Design and Procedure

This was an observational study using eye-tracking to assess gaze patterns of physicians and validated questionnaires to assess patient outcomes. The study was conducted at the outpatient clinic of an internal medicine department of a Dutch hospital. It was judged to be exempt from approval by the ethical committee (protocol number W17_107). The study encompassed measurements at 5 time points (T0-T4) (see Fig. 1). At T0, physicians were recruited using snowballing sampling. To limit physicians’ awareness of the purpose of the study, physicians were informed that their use of the Electronic Health Record was the subject of research.

Figure 1
figure 1

Graphic representation of the study measurement points. Note: The triangles symbolize the administration of questionnaires. T0 was at an unstructured time point convenient to the physician. T1 occurred around two weeks before the consultation. T2 occurred around 10 minutes before the consultation. T4 was as soon as the patient left the consultation room.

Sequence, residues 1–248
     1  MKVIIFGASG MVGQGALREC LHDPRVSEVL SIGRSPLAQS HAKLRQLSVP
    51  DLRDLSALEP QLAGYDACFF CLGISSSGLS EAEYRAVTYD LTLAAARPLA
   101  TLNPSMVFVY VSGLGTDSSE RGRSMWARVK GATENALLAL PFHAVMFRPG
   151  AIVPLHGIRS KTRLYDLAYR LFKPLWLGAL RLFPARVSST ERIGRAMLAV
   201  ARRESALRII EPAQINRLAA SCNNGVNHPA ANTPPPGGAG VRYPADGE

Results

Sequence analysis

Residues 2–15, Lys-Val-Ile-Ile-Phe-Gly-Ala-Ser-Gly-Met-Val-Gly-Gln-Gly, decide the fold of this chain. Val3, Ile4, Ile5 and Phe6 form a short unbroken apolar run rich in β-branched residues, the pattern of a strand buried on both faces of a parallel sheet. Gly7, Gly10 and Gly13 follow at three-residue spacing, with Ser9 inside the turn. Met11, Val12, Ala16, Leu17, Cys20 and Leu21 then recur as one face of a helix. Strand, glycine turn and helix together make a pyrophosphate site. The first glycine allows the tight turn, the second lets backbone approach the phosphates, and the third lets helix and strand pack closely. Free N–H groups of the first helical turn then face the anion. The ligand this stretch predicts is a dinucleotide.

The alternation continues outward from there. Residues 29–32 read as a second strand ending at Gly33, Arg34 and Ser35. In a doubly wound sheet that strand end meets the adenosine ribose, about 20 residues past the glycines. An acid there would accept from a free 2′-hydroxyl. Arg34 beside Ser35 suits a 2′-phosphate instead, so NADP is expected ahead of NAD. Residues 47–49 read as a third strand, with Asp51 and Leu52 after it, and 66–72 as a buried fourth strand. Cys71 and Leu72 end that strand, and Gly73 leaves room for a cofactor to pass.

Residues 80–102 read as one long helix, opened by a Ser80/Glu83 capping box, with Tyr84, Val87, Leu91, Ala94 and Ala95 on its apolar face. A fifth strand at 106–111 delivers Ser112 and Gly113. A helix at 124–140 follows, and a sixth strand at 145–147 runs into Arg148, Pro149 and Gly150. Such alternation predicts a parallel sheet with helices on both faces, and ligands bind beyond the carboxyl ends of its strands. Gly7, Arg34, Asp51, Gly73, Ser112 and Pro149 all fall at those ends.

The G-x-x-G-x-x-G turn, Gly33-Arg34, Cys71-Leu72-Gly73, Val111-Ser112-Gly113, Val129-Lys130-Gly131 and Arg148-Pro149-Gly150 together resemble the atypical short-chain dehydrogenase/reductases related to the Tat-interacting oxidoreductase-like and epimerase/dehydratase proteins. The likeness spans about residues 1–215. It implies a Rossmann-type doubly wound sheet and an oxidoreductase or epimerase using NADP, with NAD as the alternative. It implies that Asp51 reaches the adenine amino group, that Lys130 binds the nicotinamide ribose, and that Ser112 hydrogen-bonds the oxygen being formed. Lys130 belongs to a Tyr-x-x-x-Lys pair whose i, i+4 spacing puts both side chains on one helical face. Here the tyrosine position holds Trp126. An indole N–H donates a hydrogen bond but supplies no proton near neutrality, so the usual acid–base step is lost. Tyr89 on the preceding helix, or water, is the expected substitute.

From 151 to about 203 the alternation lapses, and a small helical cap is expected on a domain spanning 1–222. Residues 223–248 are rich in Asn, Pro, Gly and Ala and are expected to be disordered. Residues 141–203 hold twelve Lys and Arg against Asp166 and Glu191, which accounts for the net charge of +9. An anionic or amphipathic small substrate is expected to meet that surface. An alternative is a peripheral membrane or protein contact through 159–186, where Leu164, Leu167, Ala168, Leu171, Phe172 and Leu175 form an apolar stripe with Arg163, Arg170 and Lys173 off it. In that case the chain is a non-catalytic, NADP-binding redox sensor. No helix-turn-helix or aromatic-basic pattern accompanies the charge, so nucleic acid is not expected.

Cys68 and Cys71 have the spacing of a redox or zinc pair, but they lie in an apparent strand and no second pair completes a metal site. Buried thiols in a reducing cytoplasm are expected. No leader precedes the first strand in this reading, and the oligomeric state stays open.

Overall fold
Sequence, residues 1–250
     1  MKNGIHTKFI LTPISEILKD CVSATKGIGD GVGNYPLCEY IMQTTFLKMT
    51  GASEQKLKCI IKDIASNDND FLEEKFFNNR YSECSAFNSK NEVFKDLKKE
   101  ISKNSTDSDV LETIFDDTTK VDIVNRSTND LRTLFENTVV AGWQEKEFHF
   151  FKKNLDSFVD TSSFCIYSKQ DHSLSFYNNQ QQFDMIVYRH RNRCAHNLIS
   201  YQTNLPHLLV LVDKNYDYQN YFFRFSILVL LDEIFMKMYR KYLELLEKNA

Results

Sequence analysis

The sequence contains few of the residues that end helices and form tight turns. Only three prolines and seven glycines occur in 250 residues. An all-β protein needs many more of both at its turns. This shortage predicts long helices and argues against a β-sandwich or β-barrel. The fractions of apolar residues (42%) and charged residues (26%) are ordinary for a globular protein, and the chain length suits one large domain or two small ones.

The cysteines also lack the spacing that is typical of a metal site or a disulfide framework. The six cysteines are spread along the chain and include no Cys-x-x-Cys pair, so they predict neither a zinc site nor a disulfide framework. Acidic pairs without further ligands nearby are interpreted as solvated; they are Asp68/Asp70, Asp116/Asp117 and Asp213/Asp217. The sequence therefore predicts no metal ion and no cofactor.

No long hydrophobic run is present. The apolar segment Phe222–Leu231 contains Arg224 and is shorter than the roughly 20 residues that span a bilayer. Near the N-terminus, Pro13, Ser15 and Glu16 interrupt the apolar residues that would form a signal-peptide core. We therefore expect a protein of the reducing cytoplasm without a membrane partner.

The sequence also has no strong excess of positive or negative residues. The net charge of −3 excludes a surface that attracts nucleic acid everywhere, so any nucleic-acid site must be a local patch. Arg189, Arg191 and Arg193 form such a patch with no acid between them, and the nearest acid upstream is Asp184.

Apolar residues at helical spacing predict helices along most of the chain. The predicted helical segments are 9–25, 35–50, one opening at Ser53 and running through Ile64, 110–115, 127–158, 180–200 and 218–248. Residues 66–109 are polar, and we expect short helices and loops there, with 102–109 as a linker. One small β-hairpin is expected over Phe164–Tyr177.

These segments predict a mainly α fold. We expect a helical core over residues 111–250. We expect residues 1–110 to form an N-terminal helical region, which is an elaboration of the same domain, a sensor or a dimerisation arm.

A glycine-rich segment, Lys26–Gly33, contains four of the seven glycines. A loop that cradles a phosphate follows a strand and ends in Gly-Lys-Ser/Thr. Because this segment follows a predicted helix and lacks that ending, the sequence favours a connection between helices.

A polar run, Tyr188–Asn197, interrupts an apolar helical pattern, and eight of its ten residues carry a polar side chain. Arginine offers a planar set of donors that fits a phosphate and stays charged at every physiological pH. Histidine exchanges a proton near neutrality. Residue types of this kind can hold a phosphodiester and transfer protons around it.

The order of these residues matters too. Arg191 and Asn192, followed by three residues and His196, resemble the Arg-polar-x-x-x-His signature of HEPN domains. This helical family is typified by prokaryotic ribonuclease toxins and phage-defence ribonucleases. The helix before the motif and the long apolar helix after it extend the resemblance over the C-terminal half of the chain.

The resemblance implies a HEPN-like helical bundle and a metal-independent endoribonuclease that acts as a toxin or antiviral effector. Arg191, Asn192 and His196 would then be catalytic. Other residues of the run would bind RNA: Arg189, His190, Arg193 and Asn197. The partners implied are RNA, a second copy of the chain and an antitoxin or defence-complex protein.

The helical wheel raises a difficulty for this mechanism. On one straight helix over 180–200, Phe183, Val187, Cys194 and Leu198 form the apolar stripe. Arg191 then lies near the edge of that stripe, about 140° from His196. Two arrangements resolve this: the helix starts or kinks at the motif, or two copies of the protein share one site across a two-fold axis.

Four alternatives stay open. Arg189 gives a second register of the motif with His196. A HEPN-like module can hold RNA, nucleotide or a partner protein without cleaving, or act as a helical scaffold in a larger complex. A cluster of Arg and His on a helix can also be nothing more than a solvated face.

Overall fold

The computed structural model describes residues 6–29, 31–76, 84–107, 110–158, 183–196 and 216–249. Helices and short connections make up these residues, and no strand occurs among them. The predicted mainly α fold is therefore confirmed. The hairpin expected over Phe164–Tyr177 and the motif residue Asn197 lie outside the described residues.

Physicians signed informed consent and completed a baseline questionnaire. Two weeks before visiting for their follow-up consultation, patients—who did not meet the physician before—were telephonically invited to participate. Upon agreement, patients signed informed consent and completed a baseline questionnaire (T1). Just prior to the consultation, patients indicated their current level of distress in a questionnaire (T2). The consultation was video-recorded with a camera positioned in a corner of the consultation room, and the gaze of the physician was tracked using mobile eye-tracking glasses (T3). Immediately after the consultation, physicians and patients responded to questionnaires assessing study outcomes (T4). Patients received a 15 euro gift card for participation. Data were collected between February 2018 and May 2019.